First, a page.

We investigated the mechanism underlying the thrombin-stimulated HSP27 induction in aortic smooth muscle A10 cells. We showed that thrombin induced the phosphorylation of p38 MAPK in these cells. It is well recognized that p38 MAPK is activated by phosphorylation on tyrosine and threonine by dual-specificity MAPK kinase (33). Therefore, these findings suggest that thrombin activates p38 MAPK in A10 cells. We then investigated whether or not p38 MAPK is involved in the pathway of the thrombin-stimulated induction of HSP27 in aortic smooth muscle A10 cells. The thrombin-induced accumulation of HSP27 was reduced by SB-203580, a specific inhibitor of p38 MAPK (6). In addition, we showed that PD-169316, another inhibitor of p38 MAPK (21), suppressed the HSP27 accumulation. We found that thrombin-stimulated phosphorylation of p38 MAPK was reduced by SB-203580 or PD-169316. Furthermore, we showed that the HSP27 accumulation stimulated by thrombin was not affected by SB-202474, a negative control for p38 MAPK inhibitor (25). These results suggest that p38 MAPK is involved in the thrombin-stimulated HSP27 induction. Furthermore, the thrombin-increased level of the mRNA for HSP27 was markedly reduced by SB-203580. Taking our findings into account, it is most likely that p38 MAPK activation is necessary for the thrombin-stimulated HSP27 induction in aortic smooth muscle A10 cells.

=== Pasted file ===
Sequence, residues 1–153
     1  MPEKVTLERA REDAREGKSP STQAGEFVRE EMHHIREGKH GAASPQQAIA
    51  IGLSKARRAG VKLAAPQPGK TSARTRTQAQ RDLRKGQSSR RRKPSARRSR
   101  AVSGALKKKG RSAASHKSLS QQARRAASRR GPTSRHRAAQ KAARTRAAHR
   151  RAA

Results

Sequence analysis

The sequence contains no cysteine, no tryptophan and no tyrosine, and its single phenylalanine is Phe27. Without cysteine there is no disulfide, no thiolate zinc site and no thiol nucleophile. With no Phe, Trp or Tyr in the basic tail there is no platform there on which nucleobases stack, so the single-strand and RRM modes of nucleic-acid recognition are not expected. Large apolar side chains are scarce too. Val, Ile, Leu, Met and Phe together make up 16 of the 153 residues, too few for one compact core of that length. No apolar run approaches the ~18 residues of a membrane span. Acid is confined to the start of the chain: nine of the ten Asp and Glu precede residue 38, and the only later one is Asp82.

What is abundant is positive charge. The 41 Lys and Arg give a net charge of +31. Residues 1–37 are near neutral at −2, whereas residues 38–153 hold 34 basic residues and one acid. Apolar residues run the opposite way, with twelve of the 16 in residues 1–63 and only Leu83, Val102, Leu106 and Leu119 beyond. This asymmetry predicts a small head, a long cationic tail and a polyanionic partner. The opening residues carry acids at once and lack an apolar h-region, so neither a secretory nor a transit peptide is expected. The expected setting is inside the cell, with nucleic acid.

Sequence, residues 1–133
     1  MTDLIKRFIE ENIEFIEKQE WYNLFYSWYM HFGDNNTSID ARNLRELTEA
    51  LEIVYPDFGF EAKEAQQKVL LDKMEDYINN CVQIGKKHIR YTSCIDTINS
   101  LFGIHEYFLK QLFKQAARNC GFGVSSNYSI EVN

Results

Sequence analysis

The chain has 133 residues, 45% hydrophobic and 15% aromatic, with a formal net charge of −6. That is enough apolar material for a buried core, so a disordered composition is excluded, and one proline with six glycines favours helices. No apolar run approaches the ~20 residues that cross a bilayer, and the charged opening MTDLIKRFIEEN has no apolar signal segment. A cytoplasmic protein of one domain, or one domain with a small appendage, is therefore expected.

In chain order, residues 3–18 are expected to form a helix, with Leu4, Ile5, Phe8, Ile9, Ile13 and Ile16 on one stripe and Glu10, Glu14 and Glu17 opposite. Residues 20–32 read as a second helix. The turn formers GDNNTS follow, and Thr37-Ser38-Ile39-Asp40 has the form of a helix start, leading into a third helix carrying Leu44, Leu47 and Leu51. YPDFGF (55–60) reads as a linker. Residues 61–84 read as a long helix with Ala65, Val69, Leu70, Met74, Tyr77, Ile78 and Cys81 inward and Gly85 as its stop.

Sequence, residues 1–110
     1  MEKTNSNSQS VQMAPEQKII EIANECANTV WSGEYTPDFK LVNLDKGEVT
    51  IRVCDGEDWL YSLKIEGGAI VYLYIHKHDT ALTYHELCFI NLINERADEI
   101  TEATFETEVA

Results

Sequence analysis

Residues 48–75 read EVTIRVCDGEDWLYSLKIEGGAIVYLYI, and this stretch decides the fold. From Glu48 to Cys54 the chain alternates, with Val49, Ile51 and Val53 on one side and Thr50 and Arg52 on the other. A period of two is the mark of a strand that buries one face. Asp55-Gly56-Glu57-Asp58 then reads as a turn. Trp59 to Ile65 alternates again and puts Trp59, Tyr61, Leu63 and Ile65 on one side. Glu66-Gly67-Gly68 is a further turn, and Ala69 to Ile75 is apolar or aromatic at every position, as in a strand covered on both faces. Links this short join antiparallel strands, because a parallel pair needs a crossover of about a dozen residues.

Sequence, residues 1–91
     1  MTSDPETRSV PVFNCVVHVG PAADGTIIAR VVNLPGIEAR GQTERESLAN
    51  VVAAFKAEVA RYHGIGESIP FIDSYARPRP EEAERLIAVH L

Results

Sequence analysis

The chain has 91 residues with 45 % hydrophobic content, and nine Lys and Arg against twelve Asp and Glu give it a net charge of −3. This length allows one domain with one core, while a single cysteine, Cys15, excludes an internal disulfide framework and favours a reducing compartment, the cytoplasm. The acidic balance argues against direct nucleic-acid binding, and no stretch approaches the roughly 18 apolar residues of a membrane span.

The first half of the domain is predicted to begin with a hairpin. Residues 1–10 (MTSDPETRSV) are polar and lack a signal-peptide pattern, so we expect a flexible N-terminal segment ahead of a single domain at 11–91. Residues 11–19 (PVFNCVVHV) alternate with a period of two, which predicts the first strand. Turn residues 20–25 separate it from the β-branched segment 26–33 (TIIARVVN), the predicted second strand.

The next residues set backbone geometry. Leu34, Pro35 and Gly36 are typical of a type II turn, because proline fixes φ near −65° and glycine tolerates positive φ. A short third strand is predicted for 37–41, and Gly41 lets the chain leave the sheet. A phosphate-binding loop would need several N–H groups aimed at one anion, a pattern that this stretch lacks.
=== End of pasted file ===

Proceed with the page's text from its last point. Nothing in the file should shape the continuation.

As for the intracellular signaling system for HSP induction, it is generally recognized that activation of heat shock transcriptional factors (HSFs) occurs in response to heat stress and that these activated factors bind to specific DNA sequences, known as heat shock elements (HSEs) found in the promoter regions of the genes for HSP, with a resultant increase in the transcription of the respective genes (37). However, we found that thrombin had little effect on the HSE-binding activity using gel mobility shift assay (data not shown). Thus it seems unlikely that the induction of HSP27 by thrombin is mediated by HSFs in aortic smooth muscle A10 cells.
It is generally known that HSP27 exists in an aggregated form and a dissociated form (15). Thus we then examined the effect of thrombin on two forms of HSP27 in thrombin-stimulated A10 cells. Extracts of unstimulated A10 cells contained both forms. We showed that HSP27 in thrombin-stimulated A10 cells mainly showed a dissociated form of HSP27. Furthermore, we demonstrated that SB-203580 suppressed this shift to a dissociation form from an aggregated form. It has been reported that HSP27 is dissociated concomitantly with the phosphorylation of HSP27 (15). We showed that thrombin induced phosphorylation of HSP27 and the phosphorylation was reduced by SB-203580. These results suggest that thrombin induces the phosphorylation of HSP27 and the dissociation via the activation of p38 MAPK in A10 cells.